LiveSmart: Safety First in Senior Driving

[This piece was written by Donna Stressel, OT, of Sunnyview Rehabilitation Hospital.]

A recent study released by the American Automobile Association’s Foundation for Traffic Safety reported that accident rates for drivers 65 or older have been declining, with 31 percent fewer fatalities in 2012 than in 1997.

This is good news, as the stigma in popular culture persists that older drivers are among the most unsafe on the road. Multiple studies have shown that drivers over age 60 are more likely to avoid unsafe behaviors such as speeding, driving under the influence of alcohol, talking on cellphones and not wearing seat belts.

That said, seniors are more likely to have medical conditions and take multiple medications that may compromise their ability to drive safely. It is important for elderly drivers, and their loved ones, to make sure they are road-ready and driving as safely as possible.

After age 60, seniors should have an eye examination at least once a year to see if problems exist that could affect driving ability, such as age-related macular degeneration, cataracts, diabetic retinopathy or glaucoma. A hearing test as part of that annual physical is also crucial. If you already have hearing aids, wear them when driving.

Medical conditions such as Parkinson’s disease, stroke or arthritis raise concerns about driving safety. Even pain or stiffness in the neck or legs can put you at risk. If you have been suffering bouts of dizziness or lightheadedness, you should discuss these issues with your doctor to resolve the underlying condition before driving.

Divided attention is an issue for any driver, but seniors are particularly vulnerable. Distractions such as a cellphone, driving in an unfamiliar area , or conversations inside the car can slow reaction time and make it difficult to respond adequately to an emergency situation.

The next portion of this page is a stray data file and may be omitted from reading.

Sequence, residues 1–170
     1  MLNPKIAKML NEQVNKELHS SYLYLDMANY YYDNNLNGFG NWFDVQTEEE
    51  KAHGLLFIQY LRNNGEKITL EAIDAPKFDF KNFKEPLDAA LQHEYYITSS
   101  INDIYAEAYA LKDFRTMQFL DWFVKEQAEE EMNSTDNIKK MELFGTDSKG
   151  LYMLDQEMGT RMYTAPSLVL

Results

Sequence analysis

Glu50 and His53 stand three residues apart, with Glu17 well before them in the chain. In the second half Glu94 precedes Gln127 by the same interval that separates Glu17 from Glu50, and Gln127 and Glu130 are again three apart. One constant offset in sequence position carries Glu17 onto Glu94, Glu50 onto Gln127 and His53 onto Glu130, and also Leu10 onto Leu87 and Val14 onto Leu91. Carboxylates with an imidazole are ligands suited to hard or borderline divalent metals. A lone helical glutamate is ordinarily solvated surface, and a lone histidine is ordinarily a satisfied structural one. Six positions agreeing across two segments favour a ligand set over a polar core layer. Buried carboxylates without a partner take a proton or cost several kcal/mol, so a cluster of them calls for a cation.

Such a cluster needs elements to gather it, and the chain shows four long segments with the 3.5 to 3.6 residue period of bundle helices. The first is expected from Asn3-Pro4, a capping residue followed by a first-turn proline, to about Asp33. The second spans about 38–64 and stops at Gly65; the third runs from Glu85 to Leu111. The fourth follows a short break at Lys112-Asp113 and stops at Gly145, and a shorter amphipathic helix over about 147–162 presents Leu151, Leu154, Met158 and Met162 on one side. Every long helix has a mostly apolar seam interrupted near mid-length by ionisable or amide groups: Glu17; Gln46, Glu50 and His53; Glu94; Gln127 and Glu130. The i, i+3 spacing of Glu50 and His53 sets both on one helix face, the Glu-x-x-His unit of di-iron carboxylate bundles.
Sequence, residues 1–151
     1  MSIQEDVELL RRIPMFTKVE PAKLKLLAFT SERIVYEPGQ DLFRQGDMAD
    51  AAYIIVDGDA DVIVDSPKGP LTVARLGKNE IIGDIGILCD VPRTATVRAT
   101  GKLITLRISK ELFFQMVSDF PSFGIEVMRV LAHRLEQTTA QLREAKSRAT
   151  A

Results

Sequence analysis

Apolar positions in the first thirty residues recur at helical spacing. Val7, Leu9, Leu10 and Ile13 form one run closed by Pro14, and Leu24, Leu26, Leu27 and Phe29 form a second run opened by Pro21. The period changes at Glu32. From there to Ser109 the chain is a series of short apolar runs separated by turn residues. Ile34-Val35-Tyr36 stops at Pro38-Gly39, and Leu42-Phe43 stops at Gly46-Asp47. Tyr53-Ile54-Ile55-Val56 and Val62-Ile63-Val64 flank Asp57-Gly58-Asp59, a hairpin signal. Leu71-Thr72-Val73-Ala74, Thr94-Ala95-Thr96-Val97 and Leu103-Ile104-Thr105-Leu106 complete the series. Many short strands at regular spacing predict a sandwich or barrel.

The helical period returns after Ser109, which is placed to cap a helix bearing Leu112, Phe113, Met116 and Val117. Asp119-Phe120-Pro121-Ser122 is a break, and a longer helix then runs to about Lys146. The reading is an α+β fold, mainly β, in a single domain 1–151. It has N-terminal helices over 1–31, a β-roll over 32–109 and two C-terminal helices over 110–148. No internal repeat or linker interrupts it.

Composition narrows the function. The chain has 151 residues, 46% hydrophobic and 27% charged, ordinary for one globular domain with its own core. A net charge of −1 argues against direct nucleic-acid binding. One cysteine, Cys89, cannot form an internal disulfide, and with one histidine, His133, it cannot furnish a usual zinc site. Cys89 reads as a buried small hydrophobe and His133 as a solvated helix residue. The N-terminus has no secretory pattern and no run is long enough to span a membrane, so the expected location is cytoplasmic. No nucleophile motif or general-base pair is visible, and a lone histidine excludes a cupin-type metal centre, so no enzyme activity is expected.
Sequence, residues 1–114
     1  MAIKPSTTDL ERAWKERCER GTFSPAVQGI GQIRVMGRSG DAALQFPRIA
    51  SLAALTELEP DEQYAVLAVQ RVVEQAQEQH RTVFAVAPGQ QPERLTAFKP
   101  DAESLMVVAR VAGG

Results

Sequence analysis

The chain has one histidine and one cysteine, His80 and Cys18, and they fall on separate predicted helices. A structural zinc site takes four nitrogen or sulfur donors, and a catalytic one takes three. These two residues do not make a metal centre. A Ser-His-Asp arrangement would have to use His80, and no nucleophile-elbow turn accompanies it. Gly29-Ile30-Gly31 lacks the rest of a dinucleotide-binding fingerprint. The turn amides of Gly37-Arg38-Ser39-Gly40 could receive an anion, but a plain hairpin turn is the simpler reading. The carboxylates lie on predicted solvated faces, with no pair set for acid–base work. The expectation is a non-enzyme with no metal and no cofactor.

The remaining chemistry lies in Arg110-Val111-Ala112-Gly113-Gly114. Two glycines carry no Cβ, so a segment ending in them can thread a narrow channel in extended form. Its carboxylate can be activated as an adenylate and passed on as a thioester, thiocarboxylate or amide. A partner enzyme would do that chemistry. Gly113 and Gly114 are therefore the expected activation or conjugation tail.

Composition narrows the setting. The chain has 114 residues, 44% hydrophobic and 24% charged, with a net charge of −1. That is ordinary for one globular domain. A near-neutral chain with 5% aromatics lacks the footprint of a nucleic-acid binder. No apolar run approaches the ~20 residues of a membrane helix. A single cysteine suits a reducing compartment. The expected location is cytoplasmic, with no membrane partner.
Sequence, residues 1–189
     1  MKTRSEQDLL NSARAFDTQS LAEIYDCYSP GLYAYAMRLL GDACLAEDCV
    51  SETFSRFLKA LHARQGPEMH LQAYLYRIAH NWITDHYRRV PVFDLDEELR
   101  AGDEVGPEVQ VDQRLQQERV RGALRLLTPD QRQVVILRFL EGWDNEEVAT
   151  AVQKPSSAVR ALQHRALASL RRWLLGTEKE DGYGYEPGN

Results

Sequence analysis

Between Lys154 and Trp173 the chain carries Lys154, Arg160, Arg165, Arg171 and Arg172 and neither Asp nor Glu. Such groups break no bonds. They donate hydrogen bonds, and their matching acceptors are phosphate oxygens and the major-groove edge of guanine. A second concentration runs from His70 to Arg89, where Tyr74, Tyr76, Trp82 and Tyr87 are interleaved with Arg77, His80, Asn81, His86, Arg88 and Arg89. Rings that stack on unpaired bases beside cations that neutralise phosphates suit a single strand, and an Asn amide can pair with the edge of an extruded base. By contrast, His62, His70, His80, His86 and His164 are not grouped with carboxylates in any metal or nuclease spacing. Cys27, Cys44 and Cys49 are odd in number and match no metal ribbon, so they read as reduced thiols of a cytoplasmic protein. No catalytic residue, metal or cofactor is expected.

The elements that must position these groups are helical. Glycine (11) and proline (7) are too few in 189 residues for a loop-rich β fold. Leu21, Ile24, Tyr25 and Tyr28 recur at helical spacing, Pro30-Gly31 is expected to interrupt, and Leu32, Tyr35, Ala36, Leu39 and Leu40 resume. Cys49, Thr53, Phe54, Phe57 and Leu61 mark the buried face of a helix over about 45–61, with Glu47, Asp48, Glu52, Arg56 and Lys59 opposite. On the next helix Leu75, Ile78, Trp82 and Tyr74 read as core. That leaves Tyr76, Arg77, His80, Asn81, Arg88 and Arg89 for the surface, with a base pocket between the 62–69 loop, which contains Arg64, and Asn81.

In the early stages of Alzheimer’s or other types of dementia, patients often continue driving. Memory, attention, and decision-making skills can deteriorate rapidly, and a patient may be unaware of unsafe driving behaviors, or get lost on the way to a familiar place. It’s important for family and friends to get assistance in determining when safe driving is no longer likely.

Evaluation is necessary not just to determine if an individual is safe to drive or not, but also to generate recommendations to help compensate for deficits caused by aging or medical conditions. Independence within the community is important and, whether driving or relying on alternative resources, safety is the most important factor.

Sunnyview Rehabilitation Hospital’s Driver Rehabilitation Program offers comprehensive services for elderly drivers, adolescents with learning needs and the disabled, including clinical assessment, on-the-road evaluation, driver rehabilitation and consultation/education about adaptive driving services. For more information, call 518-386-3595.

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